A March 22 edition of the Guardian’s ongoing Middle East Live Blog, edited by Matthew Weaver, included the following dispatch on President Obama’s March 21 news conference with Mahmoud Abbas in Ramallah.
Palestinians had hoped for a gesture of friendship from Obama on his four-hour visit to Ramallah, instead, the president berated their leader Mahmoud Abbas for insisting on a freeze on new settlements as a precondition to re-starting peace talks, calling them merely “an irritant”.
The text in the highlighted sentence contains a hyperlink which takes you to a March 21 Guardian report by Matthew Kalman reporting from Ramallah, titled ‘Obama wins few friends on flying stop to West Bank‘, which contained the same characterization of Obama’s remarks at the news conference:
Obama berated Abbas for insisting on a freeze on new settlements as a precondition to re-starting peace talks, calling them merely “an irritant”.
So, is that really what Obama said about the settlements at the Ramallah news conference with Abbas?
Here’s the relevant passage, (from a full transcript of the news conference) from Obama’s response to a journalist’s question about the issue of settlements:
Now, one of the challenges I know has been continued settlement activity in the West Bank area. And I’ve been clear with Prime Minister Netanyahu and other Israeli leadership that it has been the United States’ policy, not just for my administration but for all proceeding administrations, that we do not consider continued settlement activity to be constructive, to be appropriate, to be something that can advance the cause of peace. So I don’t think there’s any confusion in terms of what our position is.
I will say, with respect to Israel, that the politics there are complex and I recognize that that’s not an issue that’s going to be solved immediately. It’s not going to be solved overnight.
On the other hand, what I shared with President Abbas and I will share with the Palestinian people is that if the expectation is, is that we can only have direct negotiations when everything is settled ahead of time, then there’s no point for negotiations.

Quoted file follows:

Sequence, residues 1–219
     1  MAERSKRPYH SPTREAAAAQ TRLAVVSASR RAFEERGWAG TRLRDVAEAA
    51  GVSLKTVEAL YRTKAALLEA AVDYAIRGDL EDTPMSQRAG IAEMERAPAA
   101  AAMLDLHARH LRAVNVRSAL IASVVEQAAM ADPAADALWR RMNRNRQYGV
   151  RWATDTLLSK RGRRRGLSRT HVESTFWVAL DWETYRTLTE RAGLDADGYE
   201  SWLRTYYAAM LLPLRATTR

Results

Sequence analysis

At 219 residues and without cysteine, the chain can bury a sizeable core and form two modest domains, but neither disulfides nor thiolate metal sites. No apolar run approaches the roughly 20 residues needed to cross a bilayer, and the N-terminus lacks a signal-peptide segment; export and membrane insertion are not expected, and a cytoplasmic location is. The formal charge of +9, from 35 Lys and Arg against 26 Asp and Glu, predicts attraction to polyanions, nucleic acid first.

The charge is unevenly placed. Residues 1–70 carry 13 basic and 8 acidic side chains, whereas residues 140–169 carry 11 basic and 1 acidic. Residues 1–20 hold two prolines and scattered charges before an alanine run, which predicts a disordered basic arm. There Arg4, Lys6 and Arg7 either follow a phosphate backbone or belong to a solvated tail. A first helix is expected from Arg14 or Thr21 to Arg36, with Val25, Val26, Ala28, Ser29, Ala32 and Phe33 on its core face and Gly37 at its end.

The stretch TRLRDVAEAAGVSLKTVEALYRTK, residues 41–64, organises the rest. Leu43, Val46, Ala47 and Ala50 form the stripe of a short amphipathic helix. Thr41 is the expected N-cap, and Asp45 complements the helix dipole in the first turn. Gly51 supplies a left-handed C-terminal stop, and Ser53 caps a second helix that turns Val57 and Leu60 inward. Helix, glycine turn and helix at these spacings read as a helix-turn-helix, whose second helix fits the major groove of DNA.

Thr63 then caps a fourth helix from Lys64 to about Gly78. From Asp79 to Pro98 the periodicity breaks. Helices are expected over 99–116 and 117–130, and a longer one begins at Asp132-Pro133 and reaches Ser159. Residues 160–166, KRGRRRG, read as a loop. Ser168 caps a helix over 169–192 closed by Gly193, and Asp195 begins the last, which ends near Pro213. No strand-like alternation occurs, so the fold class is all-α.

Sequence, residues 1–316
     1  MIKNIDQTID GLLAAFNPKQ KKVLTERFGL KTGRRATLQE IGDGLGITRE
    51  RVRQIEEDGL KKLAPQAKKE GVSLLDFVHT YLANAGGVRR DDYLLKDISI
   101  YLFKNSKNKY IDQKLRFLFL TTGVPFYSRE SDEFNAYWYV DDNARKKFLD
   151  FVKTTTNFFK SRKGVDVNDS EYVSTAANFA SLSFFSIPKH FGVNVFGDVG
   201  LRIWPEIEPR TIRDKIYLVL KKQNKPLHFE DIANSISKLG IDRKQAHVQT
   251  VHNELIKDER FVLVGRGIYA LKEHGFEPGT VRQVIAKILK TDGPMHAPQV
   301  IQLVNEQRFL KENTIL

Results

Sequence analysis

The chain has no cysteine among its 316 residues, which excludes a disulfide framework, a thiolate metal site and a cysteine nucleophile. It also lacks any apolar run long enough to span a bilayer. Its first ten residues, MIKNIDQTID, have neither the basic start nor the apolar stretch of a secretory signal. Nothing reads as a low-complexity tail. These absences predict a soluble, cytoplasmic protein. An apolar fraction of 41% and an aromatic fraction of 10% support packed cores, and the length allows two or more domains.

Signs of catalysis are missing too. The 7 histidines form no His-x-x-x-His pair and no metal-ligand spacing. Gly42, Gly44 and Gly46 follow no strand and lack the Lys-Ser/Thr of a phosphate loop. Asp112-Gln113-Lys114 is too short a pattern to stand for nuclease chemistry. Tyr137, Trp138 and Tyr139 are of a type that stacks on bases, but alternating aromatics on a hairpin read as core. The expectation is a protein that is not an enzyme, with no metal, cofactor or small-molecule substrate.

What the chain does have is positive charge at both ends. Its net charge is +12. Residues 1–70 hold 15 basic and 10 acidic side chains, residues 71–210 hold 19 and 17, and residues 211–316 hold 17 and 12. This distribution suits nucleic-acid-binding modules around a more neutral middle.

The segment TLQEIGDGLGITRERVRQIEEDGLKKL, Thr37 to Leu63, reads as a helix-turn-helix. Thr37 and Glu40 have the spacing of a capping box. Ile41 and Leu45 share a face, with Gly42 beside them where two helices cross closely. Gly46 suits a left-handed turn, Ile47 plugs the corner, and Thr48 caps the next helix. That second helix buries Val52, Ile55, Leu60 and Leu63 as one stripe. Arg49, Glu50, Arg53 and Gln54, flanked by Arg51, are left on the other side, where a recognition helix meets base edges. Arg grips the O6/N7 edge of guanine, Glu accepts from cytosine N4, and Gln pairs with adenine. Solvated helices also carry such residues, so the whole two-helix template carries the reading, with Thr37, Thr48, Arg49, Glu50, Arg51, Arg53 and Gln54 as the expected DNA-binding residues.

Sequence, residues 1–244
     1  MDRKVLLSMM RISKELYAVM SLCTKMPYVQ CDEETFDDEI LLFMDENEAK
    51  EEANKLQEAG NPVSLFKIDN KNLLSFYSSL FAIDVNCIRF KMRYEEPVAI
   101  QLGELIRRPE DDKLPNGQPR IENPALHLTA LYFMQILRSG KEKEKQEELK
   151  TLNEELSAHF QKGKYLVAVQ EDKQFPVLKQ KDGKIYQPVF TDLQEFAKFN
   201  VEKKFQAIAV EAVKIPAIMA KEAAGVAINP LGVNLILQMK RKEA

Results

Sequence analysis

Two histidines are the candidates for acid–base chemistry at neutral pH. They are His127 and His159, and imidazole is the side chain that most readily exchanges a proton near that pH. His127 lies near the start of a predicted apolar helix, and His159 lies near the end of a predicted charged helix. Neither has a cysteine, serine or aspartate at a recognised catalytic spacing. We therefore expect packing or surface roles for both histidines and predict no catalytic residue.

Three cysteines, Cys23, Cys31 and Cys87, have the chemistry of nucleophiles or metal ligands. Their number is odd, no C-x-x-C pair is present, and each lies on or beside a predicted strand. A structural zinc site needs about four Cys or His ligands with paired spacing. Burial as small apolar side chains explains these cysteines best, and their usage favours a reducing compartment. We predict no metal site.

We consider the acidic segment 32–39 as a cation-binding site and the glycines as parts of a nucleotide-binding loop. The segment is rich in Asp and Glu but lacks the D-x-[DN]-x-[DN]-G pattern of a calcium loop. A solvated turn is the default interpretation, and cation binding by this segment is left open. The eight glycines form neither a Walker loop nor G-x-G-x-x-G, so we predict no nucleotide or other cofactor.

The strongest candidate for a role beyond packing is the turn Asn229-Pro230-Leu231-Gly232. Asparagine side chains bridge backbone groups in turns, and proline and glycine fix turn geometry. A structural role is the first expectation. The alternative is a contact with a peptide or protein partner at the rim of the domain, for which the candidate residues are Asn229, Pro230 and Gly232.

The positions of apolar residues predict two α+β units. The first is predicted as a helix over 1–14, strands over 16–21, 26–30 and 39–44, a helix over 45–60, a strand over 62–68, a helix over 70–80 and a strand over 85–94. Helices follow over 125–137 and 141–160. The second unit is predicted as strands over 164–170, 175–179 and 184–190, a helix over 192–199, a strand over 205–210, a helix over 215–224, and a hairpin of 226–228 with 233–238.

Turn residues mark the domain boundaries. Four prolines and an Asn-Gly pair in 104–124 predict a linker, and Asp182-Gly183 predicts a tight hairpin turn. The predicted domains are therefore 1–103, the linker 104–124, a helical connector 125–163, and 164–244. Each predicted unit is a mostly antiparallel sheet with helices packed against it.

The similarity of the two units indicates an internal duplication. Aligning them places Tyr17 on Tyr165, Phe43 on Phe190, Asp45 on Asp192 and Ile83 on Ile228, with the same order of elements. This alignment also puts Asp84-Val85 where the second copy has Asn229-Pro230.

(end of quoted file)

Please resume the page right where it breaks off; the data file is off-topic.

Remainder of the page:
So I think it’s important for us to work through this process, even if there are irritants on both sides. The Israelis have concerns about rockets flying into their cities last night. And it would be easy for them to say, you see, this is why we can’t have peace because we can’t afford to have our kids in beds sleeping and suddenly a rocket comes through the roof. But my argument is even though both sides may have areas of strong disagreement, may be engaging in activities that the other side considers to be a breach of good faith, we have to push through those things to try to get to an agreement…
The President’s clear point was that “settlements” are indeed an impediment to peace, but that they represents an issue (as with others) which can only be worked out through negotiations – not as a precondition before talks could proceed.
Further, if you want to argue that Obama was calling settlements a mere “irritant”, then, based on his full reply, you could similarly argue that he also characterized rocket attacks as a “mere irritant”.
The lead of the Guardian Middle East Live blog could just as easily have been the following:
The President referred to thousands of rockets fired indiscriminately at Israeli men, women and children merely as an “irritant”.
But, of course, that would be a selective and completely dishonest characterization of what the President said, wouldn’t it?